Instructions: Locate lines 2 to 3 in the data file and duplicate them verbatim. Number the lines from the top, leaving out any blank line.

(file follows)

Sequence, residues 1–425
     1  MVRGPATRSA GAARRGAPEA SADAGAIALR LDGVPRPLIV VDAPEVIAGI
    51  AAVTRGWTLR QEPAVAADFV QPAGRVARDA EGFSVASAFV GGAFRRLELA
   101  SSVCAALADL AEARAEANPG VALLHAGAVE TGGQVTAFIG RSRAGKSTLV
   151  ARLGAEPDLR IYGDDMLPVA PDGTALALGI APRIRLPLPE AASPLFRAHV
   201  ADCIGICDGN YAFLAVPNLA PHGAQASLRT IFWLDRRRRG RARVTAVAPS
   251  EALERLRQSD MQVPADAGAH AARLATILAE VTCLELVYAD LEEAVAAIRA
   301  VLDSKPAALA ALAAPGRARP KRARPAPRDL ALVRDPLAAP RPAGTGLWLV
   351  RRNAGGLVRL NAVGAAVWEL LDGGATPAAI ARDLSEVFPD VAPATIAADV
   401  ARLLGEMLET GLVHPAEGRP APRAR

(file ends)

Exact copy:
     1  MVRGPATRSA GAARRGAPEA SADAGAIALR LDGVPRPLIV VDAPEVIAGI
    51  AAVTRGWTLR QEPAVAADFV QPAGRVARDA EGFSVASAFV GGAFRRLELA